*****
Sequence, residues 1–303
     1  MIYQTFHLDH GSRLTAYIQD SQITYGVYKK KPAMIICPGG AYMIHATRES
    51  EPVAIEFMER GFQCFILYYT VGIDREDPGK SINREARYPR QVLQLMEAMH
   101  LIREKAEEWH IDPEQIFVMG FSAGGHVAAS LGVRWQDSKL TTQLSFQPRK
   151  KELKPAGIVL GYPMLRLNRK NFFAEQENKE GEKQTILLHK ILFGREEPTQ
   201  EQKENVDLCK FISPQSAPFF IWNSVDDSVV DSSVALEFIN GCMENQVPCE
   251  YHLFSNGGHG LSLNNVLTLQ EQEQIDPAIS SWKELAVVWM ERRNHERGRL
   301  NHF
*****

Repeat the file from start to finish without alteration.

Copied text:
Sequence, residues 1–303
     1  MIYQTFHLDH GSRLTAYIQD SQITYGVYKK KPAMIICPGG AYMIHATRES
    51  EPVAIEFMER GFQCFILYYT VGIDREDPGK SINREARYPR QVLQLMEAMH
   101  LIREKAEEWH IDPEQIFVMG FSAGGHVAAS LGVRWQDSKL TTQLSFQPRK
   151  KELKPAGIVL GYPMLRLNRK NFFAEQENKE GEKQTILLHK ILFGREEPTQ
   201  EQKENVDLCK FISPQSAPFF IWNSVDDSVV DSSVALEFIN GCMENQVPCE
   251  YHLFSNGGHG LSLNNVLTLQ EQEQIDPAIS SWKELAVVWM ERRNHERGRL
   301  NHF